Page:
Workers struggles in Britain

Nurses get huge public support on the picket as they stage second wave of strike action

By Peter Lazenby

NURSES saw huge displays of public support as they staged their second wave of strike action with a 48-hour stoppage at 57 NHS trusts across England today.

Cars honked and supporters joined nurses’ picket lines outside hospitals as the government’s detachment from reality became even clearer over its plans to legislate for “minimum staffing levels” during strikes.

The Royal College of Nursing (RCN) said such levels were not available any day of the week, as the NHS struggles with more than 40,000 unfilled nurse vacancies, growing workloads, more nurses leaving every month in despair, and hospitals forced to open food banks for staff.

RCN general secretary and chief executive Pat Cullen said that to imagine having minimum staffing levels “is just so far removed from reality, and in fact it is a total insult to our patients and to nurses — it just doesn’t happen.

“You cannot have minimum staffing levels with 47,000 unfilled posts,” she said.

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These strikes could be a paradigm shift

THE current strike wave has caught the government on the hop. It thought public opinion would turn against strikers and it hoped the ballot thresholds might not be reached. It was wrong, has been wrong-footed and is being forced to make some concessions — at least in the form of talks.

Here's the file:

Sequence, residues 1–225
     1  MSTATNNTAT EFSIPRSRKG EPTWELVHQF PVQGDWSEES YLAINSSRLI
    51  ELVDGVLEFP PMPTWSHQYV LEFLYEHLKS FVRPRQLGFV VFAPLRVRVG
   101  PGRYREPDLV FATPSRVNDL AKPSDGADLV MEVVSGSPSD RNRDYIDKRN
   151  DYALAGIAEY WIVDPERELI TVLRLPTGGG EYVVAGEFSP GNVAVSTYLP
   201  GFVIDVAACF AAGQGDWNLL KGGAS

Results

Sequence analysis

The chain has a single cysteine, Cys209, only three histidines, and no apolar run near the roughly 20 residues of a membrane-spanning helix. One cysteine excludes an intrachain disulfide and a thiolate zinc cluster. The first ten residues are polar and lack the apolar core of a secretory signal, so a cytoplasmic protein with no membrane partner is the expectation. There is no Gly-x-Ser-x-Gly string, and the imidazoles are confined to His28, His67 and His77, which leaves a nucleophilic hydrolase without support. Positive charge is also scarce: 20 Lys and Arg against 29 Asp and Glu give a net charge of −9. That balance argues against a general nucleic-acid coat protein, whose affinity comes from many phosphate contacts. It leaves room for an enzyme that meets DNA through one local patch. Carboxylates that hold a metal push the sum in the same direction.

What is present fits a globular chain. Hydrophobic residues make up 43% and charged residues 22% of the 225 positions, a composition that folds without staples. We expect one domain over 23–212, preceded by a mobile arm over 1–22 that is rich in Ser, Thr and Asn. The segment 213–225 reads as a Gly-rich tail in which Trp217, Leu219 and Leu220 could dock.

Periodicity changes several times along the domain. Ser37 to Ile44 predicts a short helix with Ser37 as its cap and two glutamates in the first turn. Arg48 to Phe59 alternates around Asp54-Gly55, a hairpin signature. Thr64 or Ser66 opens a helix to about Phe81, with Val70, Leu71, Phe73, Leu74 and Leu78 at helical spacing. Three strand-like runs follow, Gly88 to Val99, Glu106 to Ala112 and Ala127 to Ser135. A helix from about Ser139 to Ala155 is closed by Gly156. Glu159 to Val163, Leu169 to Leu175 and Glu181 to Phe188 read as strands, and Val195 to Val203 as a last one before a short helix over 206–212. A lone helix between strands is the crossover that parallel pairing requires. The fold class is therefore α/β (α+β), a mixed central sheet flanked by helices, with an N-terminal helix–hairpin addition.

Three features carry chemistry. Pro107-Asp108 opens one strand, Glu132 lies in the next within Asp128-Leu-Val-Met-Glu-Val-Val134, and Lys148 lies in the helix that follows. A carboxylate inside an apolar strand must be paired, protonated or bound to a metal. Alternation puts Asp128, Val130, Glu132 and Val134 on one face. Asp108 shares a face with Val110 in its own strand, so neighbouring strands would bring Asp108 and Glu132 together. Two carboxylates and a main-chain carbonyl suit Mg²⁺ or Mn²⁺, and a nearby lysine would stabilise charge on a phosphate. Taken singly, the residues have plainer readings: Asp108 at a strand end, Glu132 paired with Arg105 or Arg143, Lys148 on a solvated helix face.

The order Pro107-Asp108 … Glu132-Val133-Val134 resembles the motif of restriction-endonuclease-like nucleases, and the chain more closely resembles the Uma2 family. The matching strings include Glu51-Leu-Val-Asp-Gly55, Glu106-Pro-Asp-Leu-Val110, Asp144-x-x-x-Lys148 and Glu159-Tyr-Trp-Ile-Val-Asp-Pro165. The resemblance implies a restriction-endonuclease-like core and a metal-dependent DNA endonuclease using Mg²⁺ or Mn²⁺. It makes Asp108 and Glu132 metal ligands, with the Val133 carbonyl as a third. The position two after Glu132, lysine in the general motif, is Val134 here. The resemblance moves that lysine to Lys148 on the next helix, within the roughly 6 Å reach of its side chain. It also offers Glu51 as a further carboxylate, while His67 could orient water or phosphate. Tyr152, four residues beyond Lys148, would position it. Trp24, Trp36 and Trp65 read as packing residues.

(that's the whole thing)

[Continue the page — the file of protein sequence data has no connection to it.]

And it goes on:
There are elements of panic both in ministerial circles and among Tory backbenchers who fear for their seats in the next election. The government’s bid to force workers in key sectors of the economy and public services to provide a “minimum service level” on strike days is a transparent bid to blunt the growing wave of trade union militancy — and it failed, as the massive National Education Union ballot demonstrates.

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The government’s new laws are most likely to be found in breach of its obligations to international treaties and flaunt the minimum standards set by the UN’s International Labour Organisation.

Union action appears to be strengthening public opinion in support of strikers. An average of two to one the public supports specific actions by teachers, railway workers and civil servants.

Support for nurses, ambulance staff firefighters and teachers ranges from half to two-thirds of the public.

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